On the upside, I’m really happy with my gear choices. I spent so much time researching the many options. The Salomon backpack sat comfortably, the soft-flasks that sat in front were real easy to use. For clothing I went with merino wool head-to-toe. Socks, underwear, leggings, hat, beanie, gloves, t-shirt, long-sleeve. The end result here, absolutely no sign of blisters or chafing even over that duration. Seriously, give the guys at I/O Merino a call if you want to check it out.

The trail runner community is just the best!
You can enter these events on your own, spend up to an entire day on course, and meet the friendliest, most inspiring people along the way, officials and volunteers included. For me, I spent the last 8+ hours with a guy that I had never meet before the day. We were both battling our own different situations at a time that lead us to meet up in the middle of the night, heading for the finish. Not a huge amount of conversation but we kept each other on task to the end.

Will I ever do it again?

Hell Yeah!

I’ve learnt so much from this time through. The maps and elevation chart make so much more sense now than they did before. I’ve already planned ways to make my training more specific. And the nutrition plan will be down pat. I’ve have to make a return to see what I can really do on this course with all that experience behind me.

It’s ok to be thinking “I don’t know how I’m going to do this” along the way.
Just stay away from “I can’t do this”
It could just be the difference between seeing the finish line and landed on the DNF list.

Posture For Runners

Aug 28, 2013   //   by phil.ackland   //   Articles, Fitness, Running Articles  //  No Comments

Good posture is an important factor to consider when running to reduce the effects of fatigue, lessen injury risk, and therefore, keep you running for longer.

If you’ve done a few group fitness classes, the term “shoulders back and down” may be so familiar that you don’t even listen to it anymore. If this is you, or you’re not familiar with the term, it’s an important point to take on board. Moving down the body from there, don’t allow your hips and pelvis to sit or roll back. Think of holding a plank or hover but in a vertical position.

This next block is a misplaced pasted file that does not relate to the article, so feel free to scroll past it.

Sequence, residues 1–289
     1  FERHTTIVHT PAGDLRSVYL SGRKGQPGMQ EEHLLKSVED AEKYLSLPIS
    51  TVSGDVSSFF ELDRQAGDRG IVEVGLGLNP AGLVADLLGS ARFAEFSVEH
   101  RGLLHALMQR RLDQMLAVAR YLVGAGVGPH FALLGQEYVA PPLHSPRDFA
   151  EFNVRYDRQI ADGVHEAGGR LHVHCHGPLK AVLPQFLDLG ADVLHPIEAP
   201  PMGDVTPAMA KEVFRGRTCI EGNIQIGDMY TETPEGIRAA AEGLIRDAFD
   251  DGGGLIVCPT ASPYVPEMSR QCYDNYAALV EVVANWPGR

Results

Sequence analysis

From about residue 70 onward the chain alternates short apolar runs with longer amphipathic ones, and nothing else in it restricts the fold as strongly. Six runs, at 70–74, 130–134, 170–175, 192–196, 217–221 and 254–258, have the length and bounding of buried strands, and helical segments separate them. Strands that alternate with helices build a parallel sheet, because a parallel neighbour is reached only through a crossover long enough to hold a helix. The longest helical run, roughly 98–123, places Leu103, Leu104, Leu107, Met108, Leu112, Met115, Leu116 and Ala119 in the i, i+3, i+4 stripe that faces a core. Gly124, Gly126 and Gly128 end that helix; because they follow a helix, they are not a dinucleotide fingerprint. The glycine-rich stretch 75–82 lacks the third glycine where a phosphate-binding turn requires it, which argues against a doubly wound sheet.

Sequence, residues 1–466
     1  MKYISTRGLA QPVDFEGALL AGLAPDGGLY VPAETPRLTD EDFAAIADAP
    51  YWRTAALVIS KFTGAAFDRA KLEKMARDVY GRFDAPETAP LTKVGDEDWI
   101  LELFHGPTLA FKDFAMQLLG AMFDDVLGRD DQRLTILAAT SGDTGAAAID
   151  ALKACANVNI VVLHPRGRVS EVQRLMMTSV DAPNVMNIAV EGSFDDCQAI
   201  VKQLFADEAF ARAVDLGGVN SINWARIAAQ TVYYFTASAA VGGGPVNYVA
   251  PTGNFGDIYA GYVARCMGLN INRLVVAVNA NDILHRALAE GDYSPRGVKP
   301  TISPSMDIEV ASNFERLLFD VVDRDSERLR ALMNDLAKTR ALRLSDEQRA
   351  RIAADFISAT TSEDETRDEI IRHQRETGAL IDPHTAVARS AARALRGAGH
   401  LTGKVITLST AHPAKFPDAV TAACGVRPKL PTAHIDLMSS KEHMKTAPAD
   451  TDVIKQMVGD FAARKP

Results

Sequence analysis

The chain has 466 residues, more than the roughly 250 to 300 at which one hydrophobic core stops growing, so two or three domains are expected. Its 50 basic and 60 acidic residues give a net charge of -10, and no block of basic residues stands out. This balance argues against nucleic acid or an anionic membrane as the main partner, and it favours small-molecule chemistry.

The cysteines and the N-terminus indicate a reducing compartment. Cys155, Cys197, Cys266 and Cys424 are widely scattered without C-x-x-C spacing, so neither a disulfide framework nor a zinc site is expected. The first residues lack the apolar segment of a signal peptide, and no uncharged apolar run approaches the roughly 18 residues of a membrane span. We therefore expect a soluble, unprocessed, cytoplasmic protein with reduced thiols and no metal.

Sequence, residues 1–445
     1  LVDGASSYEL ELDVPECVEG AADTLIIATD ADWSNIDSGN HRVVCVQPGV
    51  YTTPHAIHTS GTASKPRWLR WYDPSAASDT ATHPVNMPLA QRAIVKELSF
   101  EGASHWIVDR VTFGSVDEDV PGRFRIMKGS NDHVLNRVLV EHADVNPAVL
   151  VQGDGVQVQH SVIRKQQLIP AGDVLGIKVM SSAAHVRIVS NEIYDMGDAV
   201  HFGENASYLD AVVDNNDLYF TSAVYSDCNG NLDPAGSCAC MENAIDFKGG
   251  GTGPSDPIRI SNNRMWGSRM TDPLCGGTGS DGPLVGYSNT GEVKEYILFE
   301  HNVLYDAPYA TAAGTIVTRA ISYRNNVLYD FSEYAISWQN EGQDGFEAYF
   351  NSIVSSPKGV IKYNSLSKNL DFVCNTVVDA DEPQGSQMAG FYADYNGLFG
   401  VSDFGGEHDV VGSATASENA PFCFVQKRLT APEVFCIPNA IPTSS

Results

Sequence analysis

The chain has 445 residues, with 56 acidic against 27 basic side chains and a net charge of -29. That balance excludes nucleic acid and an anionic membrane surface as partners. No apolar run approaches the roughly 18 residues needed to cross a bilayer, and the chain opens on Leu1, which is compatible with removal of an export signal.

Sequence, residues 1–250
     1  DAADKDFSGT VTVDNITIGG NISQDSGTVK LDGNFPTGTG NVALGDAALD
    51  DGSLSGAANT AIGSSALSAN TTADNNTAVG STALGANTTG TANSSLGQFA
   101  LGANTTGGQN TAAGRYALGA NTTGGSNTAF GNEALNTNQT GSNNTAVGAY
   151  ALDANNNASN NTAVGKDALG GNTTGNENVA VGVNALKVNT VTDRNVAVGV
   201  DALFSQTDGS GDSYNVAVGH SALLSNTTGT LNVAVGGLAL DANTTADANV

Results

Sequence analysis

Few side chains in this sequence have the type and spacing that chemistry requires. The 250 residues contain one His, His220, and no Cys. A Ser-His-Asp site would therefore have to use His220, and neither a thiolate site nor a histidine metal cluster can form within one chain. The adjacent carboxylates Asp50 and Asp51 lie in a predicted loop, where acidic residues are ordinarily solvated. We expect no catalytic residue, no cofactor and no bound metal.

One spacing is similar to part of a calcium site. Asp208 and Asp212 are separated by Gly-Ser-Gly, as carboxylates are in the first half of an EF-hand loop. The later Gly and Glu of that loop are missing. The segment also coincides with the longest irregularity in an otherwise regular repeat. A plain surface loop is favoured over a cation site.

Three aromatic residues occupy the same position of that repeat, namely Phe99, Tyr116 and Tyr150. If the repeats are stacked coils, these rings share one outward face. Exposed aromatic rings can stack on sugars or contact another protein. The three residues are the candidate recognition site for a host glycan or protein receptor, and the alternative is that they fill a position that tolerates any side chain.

The forward lean is the next aspect to add to this improved posture. This lean will have you working with gravity to move forward rather than fighting against it. It’s important here to focus on tipping from the ankle rather than the hips as you start to run.

A handy way to get a feel for this lean is to stand just out from a wall, keep your elbows at your sides with your hands in front facing the wall. Setup your posture as mentioned above and then slowly tip forward until your hands rest against the wall in front of you.

You will now find that this position will have your body closer to being over the top of your foot as it lands, reducing the chance of landing too heavy on your feet and over-striding. There will be less “braking” effect from each stride and you will be allowing gravity to assist you in moving forward.

It should also be noted that each individual runner is a little different from the next so there will be some variations to these techniques that may work a little better for some.

Check out our running page for more info.


Running Arm Swing

Aug 19, 2013   //   by phil.ackland   //   Articles, Fitness, Running Articles  //  No Comments

Running is about more than just your legs. Paying attention to the way your arms move as you run is important to create an efficient running style while maintaining momentum, rhythm and balance.

Things to look for:

Arms should be relaxed with roughly a 90 degree angle at the elbow. Aim to maintain a motion with your hands in the direction you are traveling while avoiding bringing them across the midline of your body. Any excessive rotational movement of the arms towards the middle of your body will need to be counter-balanced by your torso and hips, using excess energy to maintain the forward motion that you’re after. Think of running in either a straight or a zig-zag line. Which one is going to be a more efficient way of traveling from A to B?

Keep your shoulders relaxed (back and down away from your ears) to avoid building tension through your neck and upper back, then think of driving backwards with your elbows rather than pushing your hands forwards.


If you’d like more info and help with your running, check out our  Running page as well.